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Dr Cathy Tournier

Cathy Tournier

Senior Lecturer

More than 1 in 3 people in the UK will develop some form of cancer during their lifetime. Fortunately, the overall survival of most cancer patients increased remarkably in the past decades through early detection, but also improved treatment protocols that include the surgical removal of tumour tissue and conventional chemotherapy and radiotherapy. However, the majority of these approaches are associated with severe side effects. Moreover, the prognosis for patients with relapsed and/or aggressive tumours remains extremely poor. Notably, most metastatic breast cancers that have spread to secondary sites are refractory to treatment and are therefore incurable. Thus, there is a pressing clinical need for further research to identify the basic mechanisms that drive cancer progression. Ultimately, this knowledge is essential to assist the design of future anti-cancer agents and improve the outcome of patients exhibiting aggressive clinical behaviour.

Cathy Tournier's University of Manchester research page

Following the award of my PhD in 1996 from the University of Paris XI, France, I became a post-doctoral fellow in the laboratory of Professor Roger J Davis (University of Massachusetts, USA) where I discovered the power of combining molecular biology with mouse genetics to demonstrate the biological importance of mitogen-activated protein kinase (MAPK) signalling pathways. In July 2000, I was appointed as a lecturer in the Faculty of Life Sciences (now the Faculty of Biology, Medicine and Health) at the University of Manchester. A year later, I was awarded a Senior Research Fellowship from the Lister Institute of Preventive Medicine to focus on my research. In 2012, I was promoted to Senior Lecturer. The main interest of my group has remained in the scientific area of signal transduction via MAPKs. We are particularly interested in understanding the biological context in which these pathways operate.


  • 1990: Bachelor (Licence) in Biochemistry, University of Montpellier, France
  • 1991: Master (Maitrise) in Biochemistry, University of Montpellier, France
  • 1996: PhD in Endocrinology and Cellular and Molecular Interactions, University of Paris XI, France

Memberships of committees and professional bodies

  • Member of the scientific committee of Worldwide Cancer Research since 1/11/2015
  • Editor of Biochemical Journal since May 2007
  • Editorial board member of Molecular and Cellular biology journal since January 2010
  • Associate Editor for Frontiers in Cell and Developmental Biology (specialty section: Signaling) since July 2020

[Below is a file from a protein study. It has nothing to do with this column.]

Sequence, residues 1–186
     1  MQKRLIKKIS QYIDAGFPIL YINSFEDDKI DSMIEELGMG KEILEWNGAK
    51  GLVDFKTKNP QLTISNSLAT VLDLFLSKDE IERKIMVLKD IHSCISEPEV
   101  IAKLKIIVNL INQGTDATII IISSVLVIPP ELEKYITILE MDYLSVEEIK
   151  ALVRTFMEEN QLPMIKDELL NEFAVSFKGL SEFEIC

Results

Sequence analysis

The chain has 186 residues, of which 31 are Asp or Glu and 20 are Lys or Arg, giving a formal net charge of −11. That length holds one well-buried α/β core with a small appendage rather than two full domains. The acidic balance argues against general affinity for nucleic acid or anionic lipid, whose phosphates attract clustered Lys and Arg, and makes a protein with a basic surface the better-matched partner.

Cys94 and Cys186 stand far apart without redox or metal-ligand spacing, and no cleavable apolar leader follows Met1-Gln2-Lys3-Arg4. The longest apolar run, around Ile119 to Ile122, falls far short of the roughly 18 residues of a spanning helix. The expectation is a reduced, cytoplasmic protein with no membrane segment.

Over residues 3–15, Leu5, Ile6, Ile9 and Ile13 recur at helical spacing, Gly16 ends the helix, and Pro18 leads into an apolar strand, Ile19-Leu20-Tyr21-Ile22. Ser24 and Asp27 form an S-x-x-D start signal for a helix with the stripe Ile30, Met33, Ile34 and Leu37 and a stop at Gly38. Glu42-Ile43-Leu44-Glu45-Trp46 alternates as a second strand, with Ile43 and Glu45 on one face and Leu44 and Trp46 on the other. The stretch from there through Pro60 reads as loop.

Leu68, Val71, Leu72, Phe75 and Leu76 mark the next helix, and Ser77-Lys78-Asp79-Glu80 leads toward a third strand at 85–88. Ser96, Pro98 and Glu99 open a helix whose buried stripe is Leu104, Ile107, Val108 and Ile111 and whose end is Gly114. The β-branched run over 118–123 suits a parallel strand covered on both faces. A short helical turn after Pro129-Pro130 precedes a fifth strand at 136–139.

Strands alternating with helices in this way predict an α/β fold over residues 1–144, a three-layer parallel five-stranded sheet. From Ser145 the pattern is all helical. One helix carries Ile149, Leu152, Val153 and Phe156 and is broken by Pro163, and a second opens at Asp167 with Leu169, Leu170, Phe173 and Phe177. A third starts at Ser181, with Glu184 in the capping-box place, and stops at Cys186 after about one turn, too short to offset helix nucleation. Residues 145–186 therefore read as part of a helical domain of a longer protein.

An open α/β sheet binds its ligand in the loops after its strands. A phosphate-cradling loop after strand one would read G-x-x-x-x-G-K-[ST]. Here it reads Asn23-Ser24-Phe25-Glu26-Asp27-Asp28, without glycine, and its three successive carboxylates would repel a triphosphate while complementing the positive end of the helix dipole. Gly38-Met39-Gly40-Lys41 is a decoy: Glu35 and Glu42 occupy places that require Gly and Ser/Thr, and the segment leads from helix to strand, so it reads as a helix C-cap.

• Member of the Advisory Panel of Essays in Biochemistry since April 2012

Xu Q, Zhang J, Telfer B, Zhang H, Ali N, Chen F, Risa B, Pearson AJ, Zhang W, Finegan KG, Ucar A, Giurisato E, Tournier C. (2021) The extracellular-regulated protein kinase 5 (ERK5) enhances metastatic burden in triple-negative breast cancer through focal adhesion protein kinase (FAK)-mediated regulation of cell adhesion. Oncogene 40, 3929-3941.

Giurisato E, Lonardi S, Telfer B, Lussoso S, Risa-Ebrí B, Zhang J, Russo I, Wang J, Santucci A, Finegan KG, Gray NS, Vermi W, Tournier C. (2020) Extracellular-regulated protein kinase 5-mediated control of p21 expression promotes macrophage proliferation associated with tumor growth and metastasis. Cancer Res 80, 3319-3330.

Pearson AJ, Fullwood P, Toro Tapia G, Prise I, Smith M, Xu Q, Jordan J, Giurisato E, Whitmarsh AJ, Francavilla C, Tournier C. (2020) Discovery of a gatekeeper residue in the C-terminal tail of the extracellular signal-regulated protein kinase 5 (ERK5). Int J Mol Sci 21, E929.

Giurisato E, Xu Q, Lonardi S, Telfer B, Russo I, Pearson A, Finegan KG, Wang W, Wang J, Gray NS, Vermi W, Xia Z, Tournier C. (2018) Myeloid ERK5 deficiency suppresses tumor growth by blocking protumor macrophage polarization via STAT3 inhibition. Proc Natl Acad Sci U S A. 115, E2801-E2810.

Gilbert AS, Seoane PI, Sephton-Clark P, Bojarczuk A, Hotham R, Giurisato E, Sarhan AR, Hillen A, Velde GV, Gray NS, Alessi DR, Cunningham DL, Tournier C, Johnston SA, May RC. (2017) Vomocytosis of live pathogens from macrophages is regulated by the atypical MAP kinase ERK5. Sci Adv. 3, e1700898.

Rovira-Clavé X, Angulo-Ibáñez M, Tournier C, Reina M, Espel E. (2016) Dual role of ERK5 in the regulation of T cell receptor expression at the T cell surface. J Leukoc Biol. 99, 143-52.

Wu L, Chen X, Zhao J, Martin B, Zepp JA, Ko JS, Gu C, Cai G, Ouyang W, Sen G, Stark GR, Su B, Vines CM, Tournier C, Hamilton TA, Vidimos A, Gastman B, Liu C, Li X. (2015) A novel IL-17 signaling pathway controlling keratinocyte proliferation and tumorigenesis via the TRAF4-ERK5 axis. J Exp Med. 212, 1571-87.